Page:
Below are two more astronaut videos. The first is a post landing interview with the very popular Chris Hadfield, and the second is a video with several ESA astronauts — including Italian astronaut Luca Parmitano who is heading for the ISS next week — talking about living and working in space.
Read the rest of Hanging Out with Astronauts (56 words)
“Hubble: Galaxies Across Space and Time” is an award-winning IMAX Super Short film. In less than 3 minutes you can explore 10 billion years of cosmic history as you fly through one of Hubble’s iconic images, the Hubble Deep Field. These galaxies were photographed by the Hubble Space Telescope as part of the Great Observatory Origins Deep Survey (GOODS) project. Hubble scientists and imaging specialists worked for months to extract individual galaxy images, placing them in a 3-D model according to their approximate true distances.
Read the rest of New IMAX Super Short: Galaxies Across Space and Time (55 words)
A new satellite map from Google and Digital Globe shows just-released satellite imagery of the damage from the tornado that struck the area of Moore, Oklahoma on May 20, 2013. It’s been called one of the most powerful and destructive tornadoes ever recorded — determined to be an EF5 tornado, the strongest rating for a tornado — and the destruction is heartbreaking. In the screenshot above, you can see how some houses were left undamaged, while others were completely destroyed.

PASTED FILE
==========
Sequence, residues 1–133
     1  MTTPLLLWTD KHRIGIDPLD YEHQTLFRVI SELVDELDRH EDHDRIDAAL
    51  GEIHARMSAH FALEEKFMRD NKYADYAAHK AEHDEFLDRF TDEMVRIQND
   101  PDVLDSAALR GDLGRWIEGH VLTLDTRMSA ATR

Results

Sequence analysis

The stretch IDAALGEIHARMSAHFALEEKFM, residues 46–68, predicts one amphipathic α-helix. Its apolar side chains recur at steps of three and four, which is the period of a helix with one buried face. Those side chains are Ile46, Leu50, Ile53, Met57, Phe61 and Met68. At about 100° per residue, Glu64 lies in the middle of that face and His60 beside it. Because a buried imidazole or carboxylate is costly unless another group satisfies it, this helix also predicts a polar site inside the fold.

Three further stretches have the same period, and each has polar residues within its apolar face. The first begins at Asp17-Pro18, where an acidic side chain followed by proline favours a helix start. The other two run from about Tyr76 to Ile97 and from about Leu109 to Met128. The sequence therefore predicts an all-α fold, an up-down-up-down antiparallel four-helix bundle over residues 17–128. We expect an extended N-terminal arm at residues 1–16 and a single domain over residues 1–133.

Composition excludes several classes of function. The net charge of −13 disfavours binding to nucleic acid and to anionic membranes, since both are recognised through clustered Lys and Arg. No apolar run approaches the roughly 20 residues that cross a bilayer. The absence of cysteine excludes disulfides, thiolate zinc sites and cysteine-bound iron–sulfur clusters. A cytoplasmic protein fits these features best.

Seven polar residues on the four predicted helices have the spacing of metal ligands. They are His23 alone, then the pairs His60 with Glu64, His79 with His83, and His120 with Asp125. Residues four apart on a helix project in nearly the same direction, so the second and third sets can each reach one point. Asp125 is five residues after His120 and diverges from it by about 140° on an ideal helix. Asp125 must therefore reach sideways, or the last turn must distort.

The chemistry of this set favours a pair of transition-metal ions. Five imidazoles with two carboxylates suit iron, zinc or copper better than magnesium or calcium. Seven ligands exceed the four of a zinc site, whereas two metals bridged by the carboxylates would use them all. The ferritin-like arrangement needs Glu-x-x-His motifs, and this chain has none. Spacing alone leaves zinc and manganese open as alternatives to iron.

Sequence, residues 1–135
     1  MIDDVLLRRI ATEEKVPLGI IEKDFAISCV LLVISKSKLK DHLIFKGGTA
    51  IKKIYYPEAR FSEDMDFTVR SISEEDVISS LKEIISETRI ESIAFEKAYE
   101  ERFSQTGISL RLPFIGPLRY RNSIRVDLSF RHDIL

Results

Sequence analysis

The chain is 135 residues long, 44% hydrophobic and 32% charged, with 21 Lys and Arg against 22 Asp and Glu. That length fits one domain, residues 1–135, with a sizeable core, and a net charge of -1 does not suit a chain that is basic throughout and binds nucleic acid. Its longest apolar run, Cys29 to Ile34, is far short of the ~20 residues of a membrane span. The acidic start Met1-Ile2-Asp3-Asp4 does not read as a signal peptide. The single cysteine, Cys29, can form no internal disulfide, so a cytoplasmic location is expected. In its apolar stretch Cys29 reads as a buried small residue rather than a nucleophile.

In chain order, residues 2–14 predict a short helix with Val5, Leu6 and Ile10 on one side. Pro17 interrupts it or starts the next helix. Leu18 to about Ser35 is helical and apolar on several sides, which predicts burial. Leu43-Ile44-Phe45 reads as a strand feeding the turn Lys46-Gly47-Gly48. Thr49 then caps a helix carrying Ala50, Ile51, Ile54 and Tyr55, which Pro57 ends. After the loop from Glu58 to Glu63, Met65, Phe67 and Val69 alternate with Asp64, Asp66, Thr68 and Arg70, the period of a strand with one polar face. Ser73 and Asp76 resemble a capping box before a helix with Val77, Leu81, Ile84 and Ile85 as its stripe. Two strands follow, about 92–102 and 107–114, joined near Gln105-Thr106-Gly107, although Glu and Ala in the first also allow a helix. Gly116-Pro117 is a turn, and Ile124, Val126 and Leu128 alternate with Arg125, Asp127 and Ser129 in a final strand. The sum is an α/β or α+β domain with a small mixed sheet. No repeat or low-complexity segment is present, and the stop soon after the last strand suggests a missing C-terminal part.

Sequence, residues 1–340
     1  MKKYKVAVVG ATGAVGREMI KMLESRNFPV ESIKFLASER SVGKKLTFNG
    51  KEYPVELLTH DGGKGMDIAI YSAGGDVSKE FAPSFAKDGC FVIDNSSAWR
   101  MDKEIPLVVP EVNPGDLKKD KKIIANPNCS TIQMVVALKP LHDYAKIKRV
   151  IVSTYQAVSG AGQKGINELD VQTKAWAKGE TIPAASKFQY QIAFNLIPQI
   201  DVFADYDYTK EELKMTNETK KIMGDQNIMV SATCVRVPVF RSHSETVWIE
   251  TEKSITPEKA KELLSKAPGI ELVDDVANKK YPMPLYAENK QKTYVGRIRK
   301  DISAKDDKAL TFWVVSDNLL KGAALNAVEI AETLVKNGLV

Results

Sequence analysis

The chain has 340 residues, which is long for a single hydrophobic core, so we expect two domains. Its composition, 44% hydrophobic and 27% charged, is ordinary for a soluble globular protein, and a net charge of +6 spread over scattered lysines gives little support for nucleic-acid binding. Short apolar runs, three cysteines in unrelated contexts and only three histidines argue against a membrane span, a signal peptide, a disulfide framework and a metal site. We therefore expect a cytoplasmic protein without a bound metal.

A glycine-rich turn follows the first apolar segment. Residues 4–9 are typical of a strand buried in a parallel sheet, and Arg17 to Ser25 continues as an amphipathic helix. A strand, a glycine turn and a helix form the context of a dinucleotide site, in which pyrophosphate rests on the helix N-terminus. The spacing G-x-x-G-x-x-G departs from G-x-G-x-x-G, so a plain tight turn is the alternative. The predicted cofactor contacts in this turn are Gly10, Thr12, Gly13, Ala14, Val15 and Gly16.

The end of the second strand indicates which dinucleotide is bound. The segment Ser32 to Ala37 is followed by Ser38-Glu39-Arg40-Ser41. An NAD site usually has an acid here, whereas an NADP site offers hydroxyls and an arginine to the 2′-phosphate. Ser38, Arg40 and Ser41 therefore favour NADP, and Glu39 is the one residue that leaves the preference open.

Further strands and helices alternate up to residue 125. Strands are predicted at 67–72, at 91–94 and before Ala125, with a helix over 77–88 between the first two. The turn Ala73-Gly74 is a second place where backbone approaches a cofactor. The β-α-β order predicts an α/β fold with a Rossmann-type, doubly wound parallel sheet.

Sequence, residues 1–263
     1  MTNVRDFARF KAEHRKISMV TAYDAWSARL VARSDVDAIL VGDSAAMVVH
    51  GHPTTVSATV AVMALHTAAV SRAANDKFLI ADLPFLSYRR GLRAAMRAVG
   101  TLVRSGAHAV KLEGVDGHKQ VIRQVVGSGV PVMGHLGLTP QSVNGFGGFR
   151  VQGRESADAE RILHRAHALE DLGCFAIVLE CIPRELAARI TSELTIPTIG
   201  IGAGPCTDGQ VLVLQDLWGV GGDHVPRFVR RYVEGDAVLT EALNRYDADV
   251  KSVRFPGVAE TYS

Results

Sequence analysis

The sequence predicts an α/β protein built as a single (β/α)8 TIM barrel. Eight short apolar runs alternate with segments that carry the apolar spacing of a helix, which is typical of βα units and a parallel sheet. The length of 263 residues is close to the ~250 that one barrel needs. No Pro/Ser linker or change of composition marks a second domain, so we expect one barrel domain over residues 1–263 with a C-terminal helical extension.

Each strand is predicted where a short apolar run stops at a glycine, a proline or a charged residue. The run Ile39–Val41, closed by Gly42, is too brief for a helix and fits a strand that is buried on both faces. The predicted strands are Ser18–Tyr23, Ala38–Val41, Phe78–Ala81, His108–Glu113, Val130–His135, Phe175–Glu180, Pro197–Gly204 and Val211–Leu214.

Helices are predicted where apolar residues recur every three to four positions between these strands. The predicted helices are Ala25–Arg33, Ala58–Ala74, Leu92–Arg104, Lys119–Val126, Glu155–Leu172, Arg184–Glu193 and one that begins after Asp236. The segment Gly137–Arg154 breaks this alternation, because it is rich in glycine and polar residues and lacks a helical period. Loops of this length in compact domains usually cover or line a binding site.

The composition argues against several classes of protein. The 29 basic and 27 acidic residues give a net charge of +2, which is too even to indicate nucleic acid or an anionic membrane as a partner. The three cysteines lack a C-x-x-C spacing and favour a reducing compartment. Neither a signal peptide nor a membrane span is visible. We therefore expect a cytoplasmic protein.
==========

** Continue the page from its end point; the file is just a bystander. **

Click on the image above to have access to an interactive map that shows hi-resolution views of the damage, providing details of where the buildings and houses once were. NPR put this map together, using satellite data from Digital Globe, along with property data from City of Oklahoma City, City of Moore, and Cleveland County. Satellite data like this are helping to assist the recovery and rescue teams on the ground.
Read the rest of Astonishing Hi-Resolution Satellite Views of the Destruction from the Moore, Oklahoma Tornado (163 words)
Sometimes the popular names given to an astronomical object hit the mark of describing its features. Other times…. not so much. Case in point, the Ring Nebula. While the distinctive loop shape and colorful beauty have made it one of the most famous celestial discs, it is not really a classic “ring.” And this recent image from the Hubble Space Telescope shows an amazing new level of detail in this iconic nebula.
“The nebula is not like a bagel, but rather, it’s like a jelly doughnut, because it’s filled with material in the middle,” said C. Robert O’Dell of Vanderbilt University, who led a research team that used Hubble and several ground-based telescopes to obtain the best view yet of the Ring nebula. The images show a more complex structure than astronomers once thought and have allowed them to construct the most precise 3-D model of the nebula.